May 25, 2024

Draft legislation paving the way for assisted suicide for terminally patients will be placed before the French National Assembly in May, President Emmanuel Macron has said in an interview published on Monday.

Adults capable of taking decisions with a life-threatening illness over the medium term and whose pain cannot be alleviated will be allowed to request euthanasia, according to the interview published in the Libération and La Croix dailies.

They will then receive a response to their request following a delay of at most two weeks, Macron said. Where possible, the patients will be required to administer the fatal doses to themselves.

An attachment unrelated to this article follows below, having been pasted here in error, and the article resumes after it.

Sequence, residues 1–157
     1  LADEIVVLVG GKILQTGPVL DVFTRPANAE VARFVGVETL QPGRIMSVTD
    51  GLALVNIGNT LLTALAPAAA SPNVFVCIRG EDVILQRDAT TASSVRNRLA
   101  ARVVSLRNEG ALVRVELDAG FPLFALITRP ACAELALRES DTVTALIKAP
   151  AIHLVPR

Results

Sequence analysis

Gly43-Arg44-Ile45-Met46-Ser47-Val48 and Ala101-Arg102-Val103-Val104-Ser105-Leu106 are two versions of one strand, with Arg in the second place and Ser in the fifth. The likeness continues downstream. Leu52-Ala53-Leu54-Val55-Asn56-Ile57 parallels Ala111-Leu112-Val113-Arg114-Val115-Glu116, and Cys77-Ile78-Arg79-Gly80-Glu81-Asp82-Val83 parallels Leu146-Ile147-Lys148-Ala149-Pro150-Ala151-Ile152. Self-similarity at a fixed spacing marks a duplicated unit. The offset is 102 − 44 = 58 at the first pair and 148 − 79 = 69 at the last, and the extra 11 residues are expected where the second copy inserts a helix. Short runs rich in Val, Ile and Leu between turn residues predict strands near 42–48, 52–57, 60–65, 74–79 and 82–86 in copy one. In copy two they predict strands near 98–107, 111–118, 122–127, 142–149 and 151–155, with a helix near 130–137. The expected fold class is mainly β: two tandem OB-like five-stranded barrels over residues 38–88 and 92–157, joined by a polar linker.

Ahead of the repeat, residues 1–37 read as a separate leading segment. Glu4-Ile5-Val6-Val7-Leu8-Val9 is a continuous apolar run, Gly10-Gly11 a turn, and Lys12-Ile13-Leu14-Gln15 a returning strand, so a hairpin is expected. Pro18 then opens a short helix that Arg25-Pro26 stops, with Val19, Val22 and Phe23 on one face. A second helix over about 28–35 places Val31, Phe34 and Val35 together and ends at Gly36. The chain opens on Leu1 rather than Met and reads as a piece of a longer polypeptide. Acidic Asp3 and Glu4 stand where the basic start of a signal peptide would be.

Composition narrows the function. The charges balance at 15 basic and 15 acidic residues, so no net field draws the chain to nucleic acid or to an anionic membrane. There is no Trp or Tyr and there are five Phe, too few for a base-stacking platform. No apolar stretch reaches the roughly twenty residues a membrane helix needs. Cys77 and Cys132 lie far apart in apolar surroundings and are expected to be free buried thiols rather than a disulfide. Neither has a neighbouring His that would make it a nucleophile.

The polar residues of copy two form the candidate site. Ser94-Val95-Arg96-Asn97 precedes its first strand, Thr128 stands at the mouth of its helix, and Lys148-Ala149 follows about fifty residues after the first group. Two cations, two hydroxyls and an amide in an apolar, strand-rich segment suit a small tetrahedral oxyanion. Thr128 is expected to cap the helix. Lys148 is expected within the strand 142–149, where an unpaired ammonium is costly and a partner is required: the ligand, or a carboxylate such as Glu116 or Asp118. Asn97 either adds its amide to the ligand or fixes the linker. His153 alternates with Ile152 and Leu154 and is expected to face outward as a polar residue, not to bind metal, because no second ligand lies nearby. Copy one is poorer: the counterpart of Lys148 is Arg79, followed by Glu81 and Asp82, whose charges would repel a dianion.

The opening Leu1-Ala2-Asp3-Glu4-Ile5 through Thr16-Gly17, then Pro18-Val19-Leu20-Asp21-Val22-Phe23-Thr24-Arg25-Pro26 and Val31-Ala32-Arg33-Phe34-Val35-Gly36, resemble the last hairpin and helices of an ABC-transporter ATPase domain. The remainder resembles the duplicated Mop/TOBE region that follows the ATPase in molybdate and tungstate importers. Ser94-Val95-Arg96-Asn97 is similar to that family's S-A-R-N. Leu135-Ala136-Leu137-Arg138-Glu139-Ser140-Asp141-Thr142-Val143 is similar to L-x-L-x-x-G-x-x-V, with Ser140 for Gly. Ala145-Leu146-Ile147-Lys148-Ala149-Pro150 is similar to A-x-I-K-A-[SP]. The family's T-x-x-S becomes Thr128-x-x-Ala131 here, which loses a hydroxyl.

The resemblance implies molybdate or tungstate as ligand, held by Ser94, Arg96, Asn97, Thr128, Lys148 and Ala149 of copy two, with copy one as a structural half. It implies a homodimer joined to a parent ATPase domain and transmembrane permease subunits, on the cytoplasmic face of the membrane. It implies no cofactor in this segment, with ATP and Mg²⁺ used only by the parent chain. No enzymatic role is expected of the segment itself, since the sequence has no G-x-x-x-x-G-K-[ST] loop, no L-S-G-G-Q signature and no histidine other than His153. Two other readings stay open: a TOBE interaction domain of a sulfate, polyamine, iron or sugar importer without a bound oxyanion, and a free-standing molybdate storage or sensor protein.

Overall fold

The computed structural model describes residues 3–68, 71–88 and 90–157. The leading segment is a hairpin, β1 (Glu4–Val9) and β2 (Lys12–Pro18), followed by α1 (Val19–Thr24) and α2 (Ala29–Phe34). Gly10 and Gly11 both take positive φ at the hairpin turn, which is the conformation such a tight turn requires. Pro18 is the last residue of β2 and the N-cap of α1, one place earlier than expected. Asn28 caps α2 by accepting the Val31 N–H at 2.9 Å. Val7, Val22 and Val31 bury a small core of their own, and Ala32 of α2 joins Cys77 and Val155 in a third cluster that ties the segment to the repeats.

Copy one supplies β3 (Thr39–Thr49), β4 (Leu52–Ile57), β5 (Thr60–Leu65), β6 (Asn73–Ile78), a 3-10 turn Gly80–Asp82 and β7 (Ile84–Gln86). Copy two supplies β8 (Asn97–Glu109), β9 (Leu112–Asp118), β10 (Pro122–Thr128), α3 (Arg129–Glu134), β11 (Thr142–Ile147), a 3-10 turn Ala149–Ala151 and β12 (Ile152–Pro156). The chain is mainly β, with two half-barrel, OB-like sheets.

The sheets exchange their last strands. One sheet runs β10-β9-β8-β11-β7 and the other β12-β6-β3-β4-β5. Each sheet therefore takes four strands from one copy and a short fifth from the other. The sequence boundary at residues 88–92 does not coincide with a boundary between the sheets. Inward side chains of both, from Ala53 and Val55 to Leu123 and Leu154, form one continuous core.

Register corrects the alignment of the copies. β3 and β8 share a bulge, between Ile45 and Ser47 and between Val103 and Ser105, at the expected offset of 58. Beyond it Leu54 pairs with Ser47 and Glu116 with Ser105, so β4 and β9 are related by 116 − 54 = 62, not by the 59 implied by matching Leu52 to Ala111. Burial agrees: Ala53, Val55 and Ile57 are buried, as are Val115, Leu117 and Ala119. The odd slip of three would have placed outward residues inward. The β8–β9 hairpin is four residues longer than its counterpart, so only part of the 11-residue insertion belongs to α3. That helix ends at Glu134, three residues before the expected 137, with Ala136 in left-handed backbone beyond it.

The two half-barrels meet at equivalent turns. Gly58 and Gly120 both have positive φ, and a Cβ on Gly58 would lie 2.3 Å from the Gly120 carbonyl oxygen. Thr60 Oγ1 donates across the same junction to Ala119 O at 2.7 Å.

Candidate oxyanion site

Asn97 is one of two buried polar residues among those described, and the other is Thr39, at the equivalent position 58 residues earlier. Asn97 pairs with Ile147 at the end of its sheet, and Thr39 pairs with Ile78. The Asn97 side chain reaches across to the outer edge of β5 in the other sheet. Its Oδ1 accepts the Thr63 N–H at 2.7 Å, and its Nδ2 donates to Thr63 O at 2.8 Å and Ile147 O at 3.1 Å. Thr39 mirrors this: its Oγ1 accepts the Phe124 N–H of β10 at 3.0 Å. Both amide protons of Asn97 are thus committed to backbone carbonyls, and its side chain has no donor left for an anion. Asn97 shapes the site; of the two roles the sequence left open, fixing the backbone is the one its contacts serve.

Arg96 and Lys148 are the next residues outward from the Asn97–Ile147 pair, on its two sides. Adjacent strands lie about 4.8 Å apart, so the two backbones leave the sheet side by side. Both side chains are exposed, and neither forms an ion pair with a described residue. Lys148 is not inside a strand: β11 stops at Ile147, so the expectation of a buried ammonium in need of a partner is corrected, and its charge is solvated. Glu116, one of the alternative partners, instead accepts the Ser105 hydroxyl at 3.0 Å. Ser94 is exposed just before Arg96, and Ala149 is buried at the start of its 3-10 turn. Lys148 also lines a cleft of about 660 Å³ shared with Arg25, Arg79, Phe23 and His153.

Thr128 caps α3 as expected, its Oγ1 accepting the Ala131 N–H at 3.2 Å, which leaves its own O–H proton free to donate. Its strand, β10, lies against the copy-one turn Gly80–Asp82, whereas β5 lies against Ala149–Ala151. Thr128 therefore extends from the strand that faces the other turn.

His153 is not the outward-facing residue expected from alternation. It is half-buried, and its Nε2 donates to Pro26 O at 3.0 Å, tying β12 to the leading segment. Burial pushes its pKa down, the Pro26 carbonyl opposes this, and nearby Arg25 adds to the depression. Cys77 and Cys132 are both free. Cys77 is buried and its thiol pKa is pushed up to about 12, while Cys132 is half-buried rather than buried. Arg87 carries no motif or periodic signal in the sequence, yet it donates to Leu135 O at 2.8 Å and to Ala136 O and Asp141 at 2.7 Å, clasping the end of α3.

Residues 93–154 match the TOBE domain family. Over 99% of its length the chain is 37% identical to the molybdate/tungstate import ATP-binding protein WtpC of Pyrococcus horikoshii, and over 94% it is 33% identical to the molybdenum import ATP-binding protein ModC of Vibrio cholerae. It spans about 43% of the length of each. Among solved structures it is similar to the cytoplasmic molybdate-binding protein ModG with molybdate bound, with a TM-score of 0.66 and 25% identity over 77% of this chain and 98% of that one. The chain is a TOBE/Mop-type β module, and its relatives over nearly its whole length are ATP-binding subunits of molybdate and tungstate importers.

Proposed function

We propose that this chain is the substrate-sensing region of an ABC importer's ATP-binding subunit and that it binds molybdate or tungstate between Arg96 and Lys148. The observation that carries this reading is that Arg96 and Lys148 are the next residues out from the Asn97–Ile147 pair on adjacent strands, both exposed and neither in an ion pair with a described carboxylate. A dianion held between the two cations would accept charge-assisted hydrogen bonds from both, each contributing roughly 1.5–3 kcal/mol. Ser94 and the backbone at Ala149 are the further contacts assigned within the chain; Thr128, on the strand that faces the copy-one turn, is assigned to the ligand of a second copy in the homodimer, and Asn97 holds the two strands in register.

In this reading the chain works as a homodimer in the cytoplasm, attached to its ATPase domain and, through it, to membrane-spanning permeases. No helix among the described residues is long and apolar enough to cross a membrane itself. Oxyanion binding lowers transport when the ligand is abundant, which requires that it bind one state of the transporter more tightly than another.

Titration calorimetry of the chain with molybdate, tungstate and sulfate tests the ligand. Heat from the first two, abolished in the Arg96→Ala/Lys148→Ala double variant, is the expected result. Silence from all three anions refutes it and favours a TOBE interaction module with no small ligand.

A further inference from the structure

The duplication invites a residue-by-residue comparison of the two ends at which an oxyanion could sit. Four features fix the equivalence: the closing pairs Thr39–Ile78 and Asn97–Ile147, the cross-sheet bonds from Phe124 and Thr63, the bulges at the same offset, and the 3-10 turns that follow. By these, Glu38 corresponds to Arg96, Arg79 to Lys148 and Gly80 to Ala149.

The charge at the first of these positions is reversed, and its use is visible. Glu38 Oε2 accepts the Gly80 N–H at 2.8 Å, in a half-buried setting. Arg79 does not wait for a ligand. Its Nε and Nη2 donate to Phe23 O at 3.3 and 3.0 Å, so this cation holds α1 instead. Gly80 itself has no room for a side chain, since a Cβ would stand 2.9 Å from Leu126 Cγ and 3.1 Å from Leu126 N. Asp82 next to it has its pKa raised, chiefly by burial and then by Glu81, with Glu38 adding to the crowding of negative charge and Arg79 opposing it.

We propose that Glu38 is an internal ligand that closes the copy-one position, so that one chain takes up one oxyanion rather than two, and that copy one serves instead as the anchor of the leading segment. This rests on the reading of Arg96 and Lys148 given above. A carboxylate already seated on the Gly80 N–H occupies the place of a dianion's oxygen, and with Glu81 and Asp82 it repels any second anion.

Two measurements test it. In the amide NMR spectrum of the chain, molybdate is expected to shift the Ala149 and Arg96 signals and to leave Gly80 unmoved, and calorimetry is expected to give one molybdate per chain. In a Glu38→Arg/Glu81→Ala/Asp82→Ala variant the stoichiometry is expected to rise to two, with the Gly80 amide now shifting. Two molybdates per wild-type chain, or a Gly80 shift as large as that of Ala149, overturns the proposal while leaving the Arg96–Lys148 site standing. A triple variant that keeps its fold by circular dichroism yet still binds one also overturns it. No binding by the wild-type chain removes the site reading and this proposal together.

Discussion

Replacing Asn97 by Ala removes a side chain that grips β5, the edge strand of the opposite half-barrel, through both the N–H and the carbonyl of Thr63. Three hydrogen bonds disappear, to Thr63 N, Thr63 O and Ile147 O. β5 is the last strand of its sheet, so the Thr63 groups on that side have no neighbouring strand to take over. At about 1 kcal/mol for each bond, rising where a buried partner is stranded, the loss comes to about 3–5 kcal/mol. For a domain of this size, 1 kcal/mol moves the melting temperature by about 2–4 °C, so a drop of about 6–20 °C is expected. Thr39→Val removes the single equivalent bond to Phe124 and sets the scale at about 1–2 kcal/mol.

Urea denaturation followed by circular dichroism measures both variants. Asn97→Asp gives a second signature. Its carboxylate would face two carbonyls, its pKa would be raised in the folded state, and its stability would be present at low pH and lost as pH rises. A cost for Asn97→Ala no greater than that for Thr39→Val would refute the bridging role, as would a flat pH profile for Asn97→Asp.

The issue is controversial in France. Administering fatal medication to another person is currently illegal, but passive assisted dying, by for example switching off life-support equipment or administering strong painkillers that accelerate death as a side-effect, is permissible.

Macron announced moves towards legislation on assisted suicide in the autumn. A lengthy consultation process was then initiated. A majority came out in favour of allowing assisted suicide.

France’s Ethics Council (CCNE) ruled that active assisted dying was conceivable under certain strict conditions.

The decision on whether a patient should receive assisted suicide is to be taken by consultation, according to the Élysée Palace, with at least two doctors deciding together.

Health professionals are to be permitted to refuse to provide assisted suicide services, but must then refer patients on to other health professionals.

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